I have the pleasure of working with The Nature Conservancy, which I lovingly think of as ‘the thinking mans’ conservation organization. They do thoughtful, science-based work through partnerships with pretty much everyone, all in the name of ‘protecting nature and preserving life’. On a recent visit to one of the Conservancy’s gorgeous preserves, I had the chance to see their fire team in action, and to learn about the value of fire in the management of environmental landscapes, the value of burning old growth in order to bring about a restored and healthy system. No, this is not a conservation blog, but the lesson is very relevant!
The forests in need of burning are overgrown. The trees have crowded close together creating a shade over the ground that limits sunlight, and therefore also limits diversity in the plant life below. Wildlife cannot benefit from the variety of plants needed to sustain them, the soil becomes stagnate, and the overgrowth leaves the entire system vulnerable and fuel-filled for a lighting (or man-made) disaster.
Enter the fire. The Conservancy teams use fire as a tool to clear the overgrowth, to take the system down to its fundamental bare bones, to rid the unwelcome suffocation of unkempt canopy, and allow the soil to once again breathe. The ashes begin to immediately fertilize the soil; green sprouts are seen again within days of a burn. Within months, the charred and smoky landscape is laden with fresh growth, new life, and new vigor with new resilience and a new chapter is able to finally begin.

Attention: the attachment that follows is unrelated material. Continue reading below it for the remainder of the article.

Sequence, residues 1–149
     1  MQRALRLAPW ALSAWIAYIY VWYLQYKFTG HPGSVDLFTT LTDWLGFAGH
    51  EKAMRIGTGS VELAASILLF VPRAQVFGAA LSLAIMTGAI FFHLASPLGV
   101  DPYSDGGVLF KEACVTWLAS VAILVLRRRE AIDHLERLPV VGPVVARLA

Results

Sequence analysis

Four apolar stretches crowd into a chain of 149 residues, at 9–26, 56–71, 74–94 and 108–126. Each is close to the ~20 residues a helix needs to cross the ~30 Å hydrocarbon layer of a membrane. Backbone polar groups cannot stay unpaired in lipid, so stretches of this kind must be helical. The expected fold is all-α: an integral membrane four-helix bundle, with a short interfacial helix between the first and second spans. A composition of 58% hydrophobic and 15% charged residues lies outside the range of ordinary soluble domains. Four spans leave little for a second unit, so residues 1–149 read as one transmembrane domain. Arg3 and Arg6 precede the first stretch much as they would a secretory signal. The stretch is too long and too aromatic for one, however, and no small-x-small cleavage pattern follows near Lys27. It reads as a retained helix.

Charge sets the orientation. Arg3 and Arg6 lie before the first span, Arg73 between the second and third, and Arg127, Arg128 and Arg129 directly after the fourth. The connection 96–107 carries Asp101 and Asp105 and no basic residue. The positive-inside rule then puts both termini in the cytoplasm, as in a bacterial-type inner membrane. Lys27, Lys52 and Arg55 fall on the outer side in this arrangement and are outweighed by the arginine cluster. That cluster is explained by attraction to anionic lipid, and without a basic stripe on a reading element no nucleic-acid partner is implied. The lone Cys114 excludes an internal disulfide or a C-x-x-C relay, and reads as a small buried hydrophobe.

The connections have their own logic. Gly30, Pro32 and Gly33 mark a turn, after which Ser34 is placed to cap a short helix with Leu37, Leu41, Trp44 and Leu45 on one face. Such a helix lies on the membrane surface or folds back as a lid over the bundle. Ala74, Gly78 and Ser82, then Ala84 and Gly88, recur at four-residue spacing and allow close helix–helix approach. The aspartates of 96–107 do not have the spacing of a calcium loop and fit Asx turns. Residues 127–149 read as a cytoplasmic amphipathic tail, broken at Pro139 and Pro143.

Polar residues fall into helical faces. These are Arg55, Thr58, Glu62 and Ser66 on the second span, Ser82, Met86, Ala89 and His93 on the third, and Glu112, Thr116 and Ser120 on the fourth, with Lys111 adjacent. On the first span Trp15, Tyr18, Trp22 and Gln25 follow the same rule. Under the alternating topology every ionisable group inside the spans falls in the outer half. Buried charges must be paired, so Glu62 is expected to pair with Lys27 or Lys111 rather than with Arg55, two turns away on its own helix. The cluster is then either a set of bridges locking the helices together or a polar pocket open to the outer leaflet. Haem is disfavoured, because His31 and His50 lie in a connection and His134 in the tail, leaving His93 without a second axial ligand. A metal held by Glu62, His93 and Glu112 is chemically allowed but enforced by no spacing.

It is like that with life my friends. We don’t always know when our system is in need of a good burn. We don’t always know when we are suffocating under the old growth and stagnate soil. We are devastated just like an overgrown forest is when a fire happens in our lives. An illness, a divorce, a loss. We are devastated because we are unaware, unprepared and unhealthy in our comfort zone. A fire, an event that burns us to the ground is horrible and painful.
And yet, inevitably, at some point after the fire comes the regrowth. Yes, the charred scars are still there, but they are made beautiful against the contrast of the new and tender beginnings of a different, healthier story. Once the fire and ash subside, a new chapter begins, and because we’ve been made aware of what we didn’t see, didn’t appreciate, didn’t understand before, this new chapter is more poignant and beautiful than we could have imagined.
Yes, there is sadness and a loss in the new beautiful, but now our soil is diverse. Our habitat is made healthy, and we will withstand future fires with a strength and resilience we did not previously possess. Healthy systems are those that experience the full gamut of life and death. Burn baby burn.
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